A calorie is a unit of energy. We tend to associate calories with food, but they apply to anything containing energy. For example, a gallon (about 4 liters) of gasoline contains about 31,000,000 calories. You could drive a car 22 miles (35 km) on the calories in 217 Big Macs.

Specifically, a calorie is the amount of energy, or heat, it takes to raise the temperature of 1 gram of water by 1 degree Celsius (1.8 degrees Fahrenheit). One calorie is equal to 4.184 joules, a common unit of energy used in the physical sciences.

Most of us think of calories in relation to things we eat and drink, as in "This can of soda has 200 calories." It turns out that the calories listed on a food package are actually kilocalories (1000 calories = 1 kilocalorie). So that can of soda actually has 200,000 calories (but don't worry, the same applies to exercise -- when an exercise chart say you burn 100 calories jogging a mile, it means 100,000 calories). A food "calorie" is sometimes capitalized to show the difference, but usually not.

Human beings need energy to survive -- to breathe, move, pump blood -- and they acquire this energy from food. The number of calories in a food is a measure of how much potential energy that food possesses. A gram of carbohydrates has 4 calories, a gram of protein has 4 calories and a gram of fat has 9 calories. Foods are a compilation of these three building blocks. So if you know how many carbohydrates, fats and proteins are in any given food, you know how many calories, or how much energy, that food contains.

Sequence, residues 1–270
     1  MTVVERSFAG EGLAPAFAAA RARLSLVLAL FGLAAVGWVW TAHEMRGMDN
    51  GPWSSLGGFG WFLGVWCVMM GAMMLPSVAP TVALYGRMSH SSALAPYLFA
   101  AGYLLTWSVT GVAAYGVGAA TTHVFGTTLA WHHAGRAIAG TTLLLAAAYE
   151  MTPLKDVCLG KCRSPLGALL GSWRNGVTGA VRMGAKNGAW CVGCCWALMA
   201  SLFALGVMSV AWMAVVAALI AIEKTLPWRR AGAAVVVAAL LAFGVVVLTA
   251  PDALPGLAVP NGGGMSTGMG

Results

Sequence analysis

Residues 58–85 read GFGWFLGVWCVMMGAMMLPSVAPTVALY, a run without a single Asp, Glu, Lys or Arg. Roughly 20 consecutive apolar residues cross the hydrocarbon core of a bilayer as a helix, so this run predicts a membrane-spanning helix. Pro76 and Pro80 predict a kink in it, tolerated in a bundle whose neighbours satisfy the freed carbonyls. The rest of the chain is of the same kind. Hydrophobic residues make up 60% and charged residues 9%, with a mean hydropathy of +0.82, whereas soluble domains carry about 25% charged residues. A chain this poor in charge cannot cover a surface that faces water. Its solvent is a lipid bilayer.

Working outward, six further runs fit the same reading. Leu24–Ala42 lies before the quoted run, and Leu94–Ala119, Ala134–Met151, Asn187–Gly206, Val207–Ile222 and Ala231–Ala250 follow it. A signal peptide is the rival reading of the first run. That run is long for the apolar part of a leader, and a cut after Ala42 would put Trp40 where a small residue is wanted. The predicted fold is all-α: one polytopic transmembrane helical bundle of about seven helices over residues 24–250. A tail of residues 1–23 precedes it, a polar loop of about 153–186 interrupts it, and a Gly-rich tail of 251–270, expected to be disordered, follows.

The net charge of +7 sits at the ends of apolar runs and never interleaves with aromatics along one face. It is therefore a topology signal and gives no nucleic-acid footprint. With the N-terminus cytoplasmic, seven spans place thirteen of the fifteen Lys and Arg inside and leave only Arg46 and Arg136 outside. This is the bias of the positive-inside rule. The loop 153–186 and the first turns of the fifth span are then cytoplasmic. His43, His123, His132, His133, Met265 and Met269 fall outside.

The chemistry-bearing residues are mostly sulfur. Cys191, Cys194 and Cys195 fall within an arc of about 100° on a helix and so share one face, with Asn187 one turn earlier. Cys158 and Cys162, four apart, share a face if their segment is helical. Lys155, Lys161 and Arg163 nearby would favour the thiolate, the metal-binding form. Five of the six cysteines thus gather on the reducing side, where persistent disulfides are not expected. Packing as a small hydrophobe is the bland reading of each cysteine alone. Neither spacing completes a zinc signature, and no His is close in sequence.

If we look at the nutritional label on the back of a packet of maple-and-brown-sugar oatmeal, we find that it has 160 calories. This means that if we were to pour this oatmeal into a dish, set the oatmeal on fire and get it to burn completely, the reaction would produce 160 kilocalories (remember: food calories are kilocalories) -- enough energy to raise the temperature of 160 kilograms of water by 1 degree Celsius. If we look closer at the nutritional label, we see that our oatmeal has 2 grams of fat, 4 grams of protein and 32 grams of carbohydrates, producing a total of 162 calories. Of these 162 calories, 18 come from fat (9 cal x 2 g), 16 come from protein (4 cal x 4 g) and 128 come from carbohydrates (4 cal x 32 g).

Our bodies "burn" the calories in the oatmeal through metabolic processes, by which enzymes break the carbohydrates into glucose and other sugars, the fats into glycerol and fatty acids and the proteins into amino acids (see How Food Works for details). These molecules are then transported through the bloodstream to the cells, where they are either absorbed for immediate use or are sent on to the final stage of metabolism, in which they are reacted with oxygen to release their stored energy.